It has been quite some time since my last contribution here at American Creation. For many reasons, I took a long break from blogging about early American religion. One of the chief reasons for my absence was due to what I would call a crisis of faith. The past few years my Mormonism has undergone a bit of a metamorphosis. Though I am still a Mormon, I would not call myself orthodox.
I share this because the past two years have seen me deeply embedded in Mormon studies. I simply could not get enough. But now I have emerged, a different Mormon but still appreciative of the faith. I'm also ready to dive back into the study of early American religion in general. I have missed this blog. I miss the debate. I miss the history. But I'm back and I hope 2016 will see much more of me here.
To break the ice, I present to you a piece I did not too long ago that became somewhat of a "hit" in Mormon Internet circles. I hope you will enjoy.
At first glance, John Willard Young must have seemed like an
obvious candidate for inclusion into the Mormon halls of power. As the favored son of “the Lion of the Lord,”
John Willard possessed many of the same qualities that made his famous father,
Brigham, a legend. John Willard was
charismatic, charming, intelligent, witty and cultured. Unlike his father, however, John Willard was
also lazy, entitled, dependent, impulsive and careless. How the favored child of the most powerful
figure in Utah Mormonism (and one of the most powerful men in the history of
Western expansion) could go from being an ordained apostle and heir apparent to
his father, to dying broke, friendless and hopeless in an obscure New York
apartment is a tale that few Mormons today know (but should).
John Willard Young’s life isn’t
just an illustration of a “what could have been” tragedy. To borrow for the poetry of Sir Walter Scott,
John Willard’s life was that of:
concentrated all in self,
forfeit fair renown,
dying, shall go down
To the vile dust
from whence he sprung,
unhonored, and unsung.
And while you are unlikely to find much about the man by
searching LDS.org or any other church website, John Willard’s life is deserving of
our time and attention. Though muddled
in the complexity of his father’s unbridled zeal, the naiveté of his privileged
upbringing and the instability that resulted from his own poor decisions, John
Willard Young’s life was not without genuine contribution, both intended and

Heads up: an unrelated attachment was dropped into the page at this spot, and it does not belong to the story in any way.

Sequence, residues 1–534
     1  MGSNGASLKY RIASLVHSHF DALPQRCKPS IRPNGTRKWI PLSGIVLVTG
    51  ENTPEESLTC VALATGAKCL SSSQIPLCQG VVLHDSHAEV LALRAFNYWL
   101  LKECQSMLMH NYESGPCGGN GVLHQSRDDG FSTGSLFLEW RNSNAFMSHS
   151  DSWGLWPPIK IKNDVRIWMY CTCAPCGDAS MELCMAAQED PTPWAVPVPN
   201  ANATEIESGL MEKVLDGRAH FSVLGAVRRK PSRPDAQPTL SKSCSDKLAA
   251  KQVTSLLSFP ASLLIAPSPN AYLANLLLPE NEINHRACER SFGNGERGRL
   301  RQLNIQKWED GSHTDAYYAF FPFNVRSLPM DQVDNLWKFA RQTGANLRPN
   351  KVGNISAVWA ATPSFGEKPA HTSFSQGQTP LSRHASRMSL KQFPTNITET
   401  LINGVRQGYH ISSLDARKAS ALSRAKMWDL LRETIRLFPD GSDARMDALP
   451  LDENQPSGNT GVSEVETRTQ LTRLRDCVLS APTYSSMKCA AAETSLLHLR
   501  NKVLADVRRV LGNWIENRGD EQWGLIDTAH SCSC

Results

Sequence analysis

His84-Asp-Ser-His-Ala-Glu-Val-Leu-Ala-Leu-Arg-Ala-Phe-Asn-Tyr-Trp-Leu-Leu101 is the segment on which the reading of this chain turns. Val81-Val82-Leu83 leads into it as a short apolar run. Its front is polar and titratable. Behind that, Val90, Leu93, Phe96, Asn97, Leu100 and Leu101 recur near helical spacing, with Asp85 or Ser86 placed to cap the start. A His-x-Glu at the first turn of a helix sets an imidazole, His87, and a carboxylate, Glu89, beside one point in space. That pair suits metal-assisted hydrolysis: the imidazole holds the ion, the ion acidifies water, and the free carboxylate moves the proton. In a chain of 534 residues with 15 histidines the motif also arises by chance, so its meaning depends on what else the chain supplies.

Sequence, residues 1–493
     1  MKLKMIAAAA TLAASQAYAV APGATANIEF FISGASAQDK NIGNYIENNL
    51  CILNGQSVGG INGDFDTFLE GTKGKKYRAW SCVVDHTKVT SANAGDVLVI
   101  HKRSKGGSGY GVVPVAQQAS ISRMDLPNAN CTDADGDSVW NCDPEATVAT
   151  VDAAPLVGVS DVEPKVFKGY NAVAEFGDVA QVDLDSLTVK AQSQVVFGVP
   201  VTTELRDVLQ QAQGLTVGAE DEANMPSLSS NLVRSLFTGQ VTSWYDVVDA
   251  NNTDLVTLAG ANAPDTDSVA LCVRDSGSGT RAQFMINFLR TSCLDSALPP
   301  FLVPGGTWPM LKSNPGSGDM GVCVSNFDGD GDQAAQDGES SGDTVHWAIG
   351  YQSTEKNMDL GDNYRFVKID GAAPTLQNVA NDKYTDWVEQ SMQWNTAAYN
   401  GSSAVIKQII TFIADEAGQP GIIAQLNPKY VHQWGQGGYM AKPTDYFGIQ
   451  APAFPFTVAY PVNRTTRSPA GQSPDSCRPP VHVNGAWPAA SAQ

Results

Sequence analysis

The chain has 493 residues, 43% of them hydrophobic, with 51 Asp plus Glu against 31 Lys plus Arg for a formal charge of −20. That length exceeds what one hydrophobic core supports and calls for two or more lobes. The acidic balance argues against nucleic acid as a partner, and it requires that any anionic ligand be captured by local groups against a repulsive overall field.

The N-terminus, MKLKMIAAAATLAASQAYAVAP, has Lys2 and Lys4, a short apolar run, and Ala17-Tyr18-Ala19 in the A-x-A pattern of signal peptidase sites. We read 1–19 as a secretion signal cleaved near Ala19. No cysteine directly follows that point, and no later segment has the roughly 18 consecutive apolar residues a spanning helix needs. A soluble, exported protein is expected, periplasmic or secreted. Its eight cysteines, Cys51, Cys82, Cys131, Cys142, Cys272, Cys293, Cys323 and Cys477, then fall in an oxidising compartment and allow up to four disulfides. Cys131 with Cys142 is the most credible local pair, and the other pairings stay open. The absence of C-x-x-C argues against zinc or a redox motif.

accidental. His contributions to the
world of business and government, particularly as they related to railroad
expansion and petitioning for Utah statehood, are most assuredly underappreciated,
even if his labors employed less-than-ethical actions. And perhaps most noteworthy of all, John
Willard Young’s life helped to (inadvertently) establish the practice of
apostolic succession that we see in Mormonism today.
Because We All Love a Juicy Crime
It was a particularly cold morning when the sun rose over
the booming metropolis that was Jersey City on September 19, 1902. As a thriving dock and manufacturing hub,
Jersey City was a desirable first stop for many newly arrived immigrants to the
United States. Work was oftentimes
difficult to find in most Atlantic coastal towns, which made the flourishing
community of Jersey City all the more desirable.
But a bountiful job market and economy was hardly the only
flourishing enterprise in Jersey City.
Prostitution, drug trafficking and other unsavory institutions had
become a staple commodity, willing and able to accommodate the needs (and
wallets) of all newcomers to the Land of the Free. So when Jersey City Police responded to the
news of a dead prostitute found half submerged in the Morris Canal it wasn’t
terribly shocking news…
When the body of Anna Pulitzer, a well known prostitute with
an impressive arrest record, was removed from the water, police discovered her
abdomen had been hacked to pieces and her head nearly decapitated. Further investigation led detectives to an
apartment where several empty beer bottles were discovered, along with bottles
containing powerful sedatives, including chloroform and chloral hydrate. In the bedroom police found sheets, towels
and clothing soaked in blood. The words
“Blood Atonement” had been scribbled several times in a notebook found on the
Police eventually determined that the apartment belonged to
John Willard Young, a local businessman and failed entrepreneur. Young, who had been out of the country for
several weeks, immediately returned to the United States upon hearing the news
of the deceased woman, who police determined had died of a drug overdose. By the time he returned to the States,
officials had already arrested the man they deemed responsible for the grizzly
and bloody scene in John Willard Young’s apartment. Hooper Young, a well known morphine and